Travel Tips

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Wildlife

Polar bears are found in the northernmost reaches of Alaska

Thousands of caribou migrate through the Brooks Range area each year. They travel through millions of acres of wilderness park lands in the Cape Krusenstern National Monument, Kobuk Valley National Park, Noatak National Preserve, Selawik National Wildlife Refuge, Gates of the Arctic National Park and Preserve and the Arctic National Wildlife Refuge.

Surrounded by Tundra, Nome provides access to nearly 300 miles of surrounding roads, which visitors can use to explore the countryside and discover pristine, untouched wilderness. While exploring the Seward Peninsula in the summer's extended daylight hours, you'll have the opportunity to discover wildflowers, moose, reindeer, caribou, birds and seals. The area also offers excellent fishing for salmon, arctic char and grayling.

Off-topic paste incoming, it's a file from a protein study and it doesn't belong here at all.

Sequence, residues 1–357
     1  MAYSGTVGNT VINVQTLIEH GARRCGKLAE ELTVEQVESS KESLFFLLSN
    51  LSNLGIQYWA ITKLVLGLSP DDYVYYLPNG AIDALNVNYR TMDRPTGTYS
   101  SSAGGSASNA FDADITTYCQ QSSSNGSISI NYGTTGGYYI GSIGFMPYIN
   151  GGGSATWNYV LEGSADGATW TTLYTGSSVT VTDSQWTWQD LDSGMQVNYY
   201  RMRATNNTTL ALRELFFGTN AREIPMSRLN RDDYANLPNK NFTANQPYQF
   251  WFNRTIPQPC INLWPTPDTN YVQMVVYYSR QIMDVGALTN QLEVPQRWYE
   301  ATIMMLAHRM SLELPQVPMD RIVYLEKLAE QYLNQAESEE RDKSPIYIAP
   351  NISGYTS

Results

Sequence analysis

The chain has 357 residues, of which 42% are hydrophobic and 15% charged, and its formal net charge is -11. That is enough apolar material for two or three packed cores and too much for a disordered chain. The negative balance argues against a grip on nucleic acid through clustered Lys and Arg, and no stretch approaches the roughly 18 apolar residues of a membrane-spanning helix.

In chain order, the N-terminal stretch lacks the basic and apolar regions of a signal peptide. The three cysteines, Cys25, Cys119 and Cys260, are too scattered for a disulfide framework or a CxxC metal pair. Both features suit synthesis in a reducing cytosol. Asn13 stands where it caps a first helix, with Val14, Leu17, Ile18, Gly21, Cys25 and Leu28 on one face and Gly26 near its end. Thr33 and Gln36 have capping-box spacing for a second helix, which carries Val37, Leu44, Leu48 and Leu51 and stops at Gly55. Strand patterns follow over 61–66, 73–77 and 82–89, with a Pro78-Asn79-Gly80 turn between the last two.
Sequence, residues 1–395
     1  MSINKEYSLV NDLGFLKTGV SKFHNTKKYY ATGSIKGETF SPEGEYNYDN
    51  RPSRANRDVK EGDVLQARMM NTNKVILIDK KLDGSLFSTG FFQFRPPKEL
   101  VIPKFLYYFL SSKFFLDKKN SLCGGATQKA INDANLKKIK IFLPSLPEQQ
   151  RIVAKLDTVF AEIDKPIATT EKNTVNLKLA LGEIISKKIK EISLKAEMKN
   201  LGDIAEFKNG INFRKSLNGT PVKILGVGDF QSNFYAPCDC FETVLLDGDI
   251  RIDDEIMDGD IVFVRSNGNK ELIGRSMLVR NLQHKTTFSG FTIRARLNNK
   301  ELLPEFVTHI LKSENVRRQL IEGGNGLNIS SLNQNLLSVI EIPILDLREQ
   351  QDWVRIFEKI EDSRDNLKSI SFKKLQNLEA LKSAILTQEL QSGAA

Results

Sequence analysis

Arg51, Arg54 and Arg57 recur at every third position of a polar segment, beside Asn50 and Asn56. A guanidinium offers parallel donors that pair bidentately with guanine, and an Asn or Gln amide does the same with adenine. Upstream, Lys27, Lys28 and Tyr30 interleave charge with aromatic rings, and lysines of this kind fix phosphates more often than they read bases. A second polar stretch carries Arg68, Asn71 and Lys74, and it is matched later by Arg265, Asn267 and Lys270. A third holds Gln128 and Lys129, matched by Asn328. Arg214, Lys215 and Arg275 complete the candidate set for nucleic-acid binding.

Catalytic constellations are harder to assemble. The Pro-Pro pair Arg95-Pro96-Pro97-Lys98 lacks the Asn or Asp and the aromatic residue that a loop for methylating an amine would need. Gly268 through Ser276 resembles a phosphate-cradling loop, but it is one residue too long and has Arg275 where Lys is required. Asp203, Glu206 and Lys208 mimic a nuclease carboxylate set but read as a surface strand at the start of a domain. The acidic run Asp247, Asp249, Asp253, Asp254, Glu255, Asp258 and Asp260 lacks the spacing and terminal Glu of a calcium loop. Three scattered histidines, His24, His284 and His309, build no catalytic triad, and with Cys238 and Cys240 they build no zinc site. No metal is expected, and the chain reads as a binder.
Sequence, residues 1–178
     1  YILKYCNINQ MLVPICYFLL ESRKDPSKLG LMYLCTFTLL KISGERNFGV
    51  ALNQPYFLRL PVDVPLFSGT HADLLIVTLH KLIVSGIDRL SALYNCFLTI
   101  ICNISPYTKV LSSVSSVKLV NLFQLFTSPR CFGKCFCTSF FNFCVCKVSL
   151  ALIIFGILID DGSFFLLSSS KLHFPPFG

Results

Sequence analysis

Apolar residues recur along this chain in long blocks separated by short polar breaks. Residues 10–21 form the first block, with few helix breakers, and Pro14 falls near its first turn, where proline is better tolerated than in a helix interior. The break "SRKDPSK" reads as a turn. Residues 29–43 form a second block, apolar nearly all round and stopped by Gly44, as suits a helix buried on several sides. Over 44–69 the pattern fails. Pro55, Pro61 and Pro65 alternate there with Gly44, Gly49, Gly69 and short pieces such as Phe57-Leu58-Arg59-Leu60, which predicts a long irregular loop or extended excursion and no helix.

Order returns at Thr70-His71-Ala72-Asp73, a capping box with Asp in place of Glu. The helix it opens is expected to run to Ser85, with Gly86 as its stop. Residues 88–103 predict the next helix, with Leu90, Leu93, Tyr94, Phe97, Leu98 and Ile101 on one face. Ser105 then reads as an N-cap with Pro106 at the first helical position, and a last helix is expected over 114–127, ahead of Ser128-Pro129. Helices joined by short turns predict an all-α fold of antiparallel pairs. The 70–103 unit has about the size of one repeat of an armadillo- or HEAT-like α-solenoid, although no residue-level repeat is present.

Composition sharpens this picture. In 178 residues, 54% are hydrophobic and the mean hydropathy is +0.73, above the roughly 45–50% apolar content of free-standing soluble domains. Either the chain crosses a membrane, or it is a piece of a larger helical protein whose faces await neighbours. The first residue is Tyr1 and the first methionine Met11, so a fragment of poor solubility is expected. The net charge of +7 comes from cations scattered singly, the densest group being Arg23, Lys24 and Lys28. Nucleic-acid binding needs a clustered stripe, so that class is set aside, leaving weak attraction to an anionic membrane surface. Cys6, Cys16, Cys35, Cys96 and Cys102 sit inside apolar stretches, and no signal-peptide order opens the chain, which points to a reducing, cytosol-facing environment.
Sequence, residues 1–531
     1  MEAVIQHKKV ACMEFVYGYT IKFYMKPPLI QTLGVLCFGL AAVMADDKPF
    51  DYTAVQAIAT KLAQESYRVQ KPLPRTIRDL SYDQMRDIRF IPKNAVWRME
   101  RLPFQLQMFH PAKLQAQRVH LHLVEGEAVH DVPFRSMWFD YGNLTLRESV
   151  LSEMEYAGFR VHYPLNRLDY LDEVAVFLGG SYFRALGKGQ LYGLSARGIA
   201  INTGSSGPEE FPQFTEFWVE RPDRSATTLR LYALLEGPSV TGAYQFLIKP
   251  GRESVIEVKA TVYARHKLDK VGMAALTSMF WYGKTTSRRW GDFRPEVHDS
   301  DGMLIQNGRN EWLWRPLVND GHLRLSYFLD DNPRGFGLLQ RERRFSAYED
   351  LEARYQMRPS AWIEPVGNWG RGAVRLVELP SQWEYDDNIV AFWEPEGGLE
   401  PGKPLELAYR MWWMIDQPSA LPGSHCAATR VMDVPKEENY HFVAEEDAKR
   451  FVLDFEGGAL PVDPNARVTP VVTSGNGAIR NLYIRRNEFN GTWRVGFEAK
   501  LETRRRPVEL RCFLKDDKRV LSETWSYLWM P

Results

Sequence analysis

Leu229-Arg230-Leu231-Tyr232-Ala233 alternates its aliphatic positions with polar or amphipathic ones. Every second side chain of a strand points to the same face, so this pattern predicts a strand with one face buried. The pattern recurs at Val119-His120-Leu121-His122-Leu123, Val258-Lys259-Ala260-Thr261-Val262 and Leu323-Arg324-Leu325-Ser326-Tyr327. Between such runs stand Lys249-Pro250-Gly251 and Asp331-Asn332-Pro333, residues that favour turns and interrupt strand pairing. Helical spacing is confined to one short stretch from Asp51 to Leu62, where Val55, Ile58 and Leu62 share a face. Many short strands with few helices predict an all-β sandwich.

Another great Alaskan experience is to drive the gravel Dalton Highway (North Slope Haul Road) to Deadhorse. This 414-mile road parallels the northern most portion of the Trans-Alaska Pipeline. Few services are available, but wildlife is abundant and fishing for arctic grayling is superb.

Barrow offers the best opportunities to view polar bears in spring and fall during whaling seasons when whale carcasses attract the bears.